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McKinstry: East Ramapo bullying must end

File photo of Albert D'Agostino before a meeting

File photo of Albert D'Agostino before a meeting at Hempstead Town Hall. (March 26, 2008) Photo Credit: Newsday/Daniel Goodrich

Growing up in the Douglas Projects on the Upper West Side of Manhattan, Charlene Williams-Pulakos learned a few things about bullies: They're not so tough when confronted.

The Pomona resident, whose son was called a "piece of ----" by the East Ramapo Central School District's $250-an-hour attorney, Albert D'Agostino, said her response to this incident is no different from what she learned years ago in the schoolyard and city housing project. Make aggressors accountable for their actions.

"People have to stand up to the bullying," Pulakos, a supervising attorney with Bronx Criminal Court, told me this week. "If every parent taught their kids to stand up to the bully, there wouldn't be any bullies."

She is, of course, correct.

Many of us have our tales of taking on giants, only to learn they tend to collapse under the weight of their own cowardice. But it takes guts to take that initial stand.

It's hard to understand why a school official set his sights on her son, Nicholas, a 17-year-old high school senior and honor student. You'd expect the lawyer to act like the adult in the room -- not the other way around.

"When Nick confronted this guy, he was not disparaging," Pulakos said. "He was direct and calling someone for [their] bad behavior."

Had the student been snippy, sarcastic or downright disrespectful to an official, he'd probably be doing hard time at home. Few would condone that behavior.

Nicholas Pulakos was among dozens of people who turned out to a March 5 Board of Education meeting to speak out against proposed changes to graduation. The meeting got out of hand after trustees abruptly ended it after a long closed-door executive session. Afterward, D'Agostino had some choice words with a local gadfly. That's when Pulakos asked D'Agostino if he was threatening the man. The lawyer then turned on him.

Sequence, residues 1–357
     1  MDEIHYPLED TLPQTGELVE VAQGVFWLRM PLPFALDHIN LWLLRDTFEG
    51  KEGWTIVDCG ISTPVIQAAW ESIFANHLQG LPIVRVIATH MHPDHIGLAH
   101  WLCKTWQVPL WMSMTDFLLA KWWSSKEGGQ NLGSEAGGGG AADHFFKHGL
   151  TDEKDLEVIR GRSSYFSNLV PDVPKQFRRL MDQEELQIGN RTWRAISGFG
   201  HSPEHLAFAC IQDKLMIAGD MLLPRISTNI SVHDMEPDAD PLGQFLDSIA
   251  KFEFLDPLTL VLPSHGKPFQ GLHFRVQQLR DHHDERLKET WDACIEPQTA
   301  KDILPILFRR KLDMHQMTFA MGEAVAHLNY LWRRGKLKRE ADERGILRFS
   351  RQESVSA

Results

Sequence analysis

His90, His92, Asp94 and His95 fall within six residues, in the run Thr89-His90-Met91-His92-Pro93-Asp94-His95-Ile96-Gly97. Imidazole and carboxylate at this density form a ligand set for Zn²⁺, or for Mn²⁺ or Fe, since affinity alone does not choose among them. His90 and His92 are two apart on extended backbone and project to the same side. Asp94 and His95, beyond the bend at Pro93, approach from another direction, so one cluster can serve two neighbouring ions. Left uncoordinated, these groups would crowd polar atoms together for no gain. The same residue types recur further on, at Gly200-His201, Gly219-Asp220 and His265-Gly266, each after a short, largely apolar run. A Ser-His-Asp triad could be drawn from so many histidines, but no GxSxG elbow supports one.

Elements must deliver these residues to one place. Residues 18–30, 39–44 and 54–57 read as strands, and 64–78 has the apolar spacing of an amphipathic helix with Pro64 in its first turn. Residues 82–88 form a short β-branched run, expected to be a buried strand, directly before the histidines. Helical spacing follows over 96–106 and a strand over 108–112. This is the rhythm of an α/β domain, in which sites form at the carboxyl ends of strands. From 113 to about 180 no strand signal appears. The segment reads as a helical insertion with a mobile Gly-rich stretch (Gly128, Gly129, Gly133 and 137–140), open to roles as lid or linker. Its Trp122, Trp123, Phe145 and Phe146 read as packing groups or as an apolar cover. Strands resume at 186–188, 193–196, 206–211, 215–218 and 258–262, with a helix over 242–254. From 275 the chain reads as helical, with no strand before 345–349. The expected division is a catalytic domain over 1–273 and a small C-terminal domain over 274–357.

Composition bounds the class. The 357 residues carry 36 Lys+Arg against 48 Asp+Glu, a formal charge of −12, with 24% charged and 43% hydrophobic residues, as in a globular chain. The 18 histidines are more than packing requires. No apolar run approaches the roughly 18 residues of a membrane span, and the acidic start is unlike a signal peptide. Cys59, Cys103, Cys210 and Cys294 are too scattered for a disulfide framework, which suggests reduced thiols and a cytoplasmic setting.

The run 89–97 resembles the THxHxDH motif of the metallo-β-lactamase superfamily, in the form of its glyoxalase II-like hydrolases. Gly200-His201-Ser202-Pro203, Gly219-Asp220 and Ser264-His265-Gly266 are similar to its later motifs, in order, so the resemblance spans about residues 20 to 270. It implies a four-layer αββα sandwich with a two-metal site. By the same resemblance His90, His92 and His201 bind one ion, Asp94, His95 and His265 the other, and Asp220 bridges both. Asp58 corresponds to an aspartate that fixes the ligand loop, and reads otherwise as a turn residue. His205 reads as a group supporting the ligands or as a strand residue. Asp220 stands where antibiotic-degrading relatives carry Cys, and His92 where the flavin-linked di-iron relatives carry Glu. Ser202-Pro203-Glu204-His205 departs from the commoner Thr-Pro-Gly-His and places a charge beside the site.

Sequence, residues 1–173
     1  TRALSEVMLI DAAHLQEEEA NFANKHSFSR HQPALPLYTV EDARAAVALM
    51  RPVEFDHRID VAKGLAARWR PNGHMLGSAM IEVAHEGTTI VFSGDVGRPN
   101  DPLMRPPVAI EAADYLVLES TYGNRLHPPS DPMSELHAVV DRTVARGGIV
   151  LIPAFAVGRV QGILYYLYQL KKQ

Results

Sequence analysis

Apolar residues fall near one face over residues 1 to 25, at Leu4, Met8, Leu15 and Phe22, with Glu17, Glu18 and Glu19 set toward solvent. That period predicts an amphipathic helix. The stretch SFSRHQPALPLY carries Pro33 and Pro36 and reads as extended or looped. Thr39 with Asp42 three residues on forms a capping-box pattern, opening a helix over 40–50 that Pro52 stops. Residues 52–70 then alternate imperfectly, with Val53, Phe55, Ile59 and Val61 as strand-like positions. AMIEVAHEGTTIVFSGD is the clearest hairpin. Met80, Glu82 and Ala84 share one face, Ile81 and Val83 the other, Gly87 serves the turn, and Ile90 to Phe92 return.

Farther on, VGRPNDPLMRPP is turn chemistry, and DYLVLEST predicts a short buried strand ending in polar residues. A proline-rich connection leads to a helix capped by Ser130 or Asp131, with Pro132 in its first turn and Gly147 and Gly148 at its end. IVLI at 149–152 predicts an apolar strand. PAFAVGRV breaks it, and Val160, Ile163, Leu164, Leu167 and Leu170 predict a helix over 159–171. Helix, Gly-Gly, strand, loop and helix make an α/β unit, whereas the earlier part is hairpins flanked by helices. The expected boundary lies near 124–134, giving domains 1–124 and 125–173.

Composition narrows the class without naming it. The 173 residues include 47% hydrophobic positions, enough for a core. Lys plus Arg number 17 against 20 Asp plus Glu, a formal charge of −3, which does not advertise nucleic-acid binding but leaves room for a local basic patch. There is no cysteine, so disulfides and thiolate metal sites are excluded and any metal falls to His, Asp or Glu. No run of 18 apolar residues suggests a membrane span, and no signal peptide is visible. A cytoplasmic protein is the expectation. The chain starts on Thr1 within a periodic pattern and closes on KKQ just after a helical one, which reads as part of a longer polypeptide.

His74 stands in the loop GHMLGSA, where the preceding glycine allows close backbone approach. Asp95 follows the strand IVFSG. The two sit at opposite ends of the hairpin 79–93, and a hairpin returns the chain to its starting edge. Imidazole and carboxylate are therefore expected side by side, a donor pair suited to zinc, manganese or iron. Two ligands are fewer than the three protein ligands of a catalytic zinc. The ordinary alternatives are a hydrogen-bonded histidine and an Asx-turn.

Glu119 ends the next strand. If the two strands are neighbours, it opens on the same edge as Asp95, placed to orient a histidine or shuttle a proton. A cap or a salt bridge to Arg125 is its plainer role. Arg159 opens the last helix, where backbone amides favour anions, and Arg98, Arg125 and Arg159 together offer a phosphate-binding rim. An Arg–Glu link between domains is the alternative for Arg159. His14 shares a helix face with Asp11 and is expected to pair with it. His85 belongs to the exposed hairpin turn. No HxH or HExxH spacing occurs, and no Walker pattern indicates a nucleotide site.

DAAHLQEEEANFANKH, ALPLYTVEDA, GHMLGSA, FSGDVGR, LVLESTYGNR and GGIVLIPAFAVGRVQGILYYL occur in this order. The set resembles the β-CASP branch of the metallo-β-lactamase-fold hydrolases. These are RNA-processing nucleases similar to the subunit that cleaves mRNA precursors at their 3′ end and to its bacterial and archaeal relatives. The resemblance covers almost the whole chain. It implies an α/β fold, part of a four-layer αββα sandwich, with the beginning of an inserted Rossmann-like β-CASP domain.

To date, we've heard nothing from the lawyer or other district officials. Not so much as an apology or mea culpa.

That's why Pulakos is unrelenting in her pursuit of justice in the matter. Even though the state's Grievance Committee for the 10th Judicial District on Long Island, which oversees the behavior of attorneys, declined to take any action against D'Agostino after she complained, it acknowledged the allegations of "rudeness and undignified behavior" were troubling.

Now Pulakos wants Rockland County leaders to intervene. She's sending letters to the county executive, district attorney, legislators and state lawmakers to stand up against the bad behavior. She hopes to change the culture in a district where the roughly 8,900 children who attend the schools are battling with those who run them.

The divisions have been evident for years as the nine-member school board -- dominated by Orthodox and Hasidic community members whose children attend private yeshivas -- have cut programs, athletics and advanced placement courses in their attempts to deal with declining aid and a budget gap in the millions.

Meetings have devolved into a circuslike atmosphere involving yelling and screaming and downright disrespectfulness. Trustees have walked out, and the board president has called some meeting-goers "miscreants."

The cursing and intimidation aren't isolated to this latest episode, unfortunately. If nothing else, the incident should remind all about basic decorum for meetings. And that it's just not cool to cuss at constituents.

Now there are calls for a state takeover of the district, splitting along religious lines (a bad idea) or dissolving it all together. But a fix -- clearly needed -- doesn't appear anywhere in sight.

Changing East Ramapo's fortunes is a long haul. But before school officials and community members can embark on that path, they should show some basic respect -- and know that bullying won't be tolerated.

Gerald McKinstry is a member of the Newsday editorial board.

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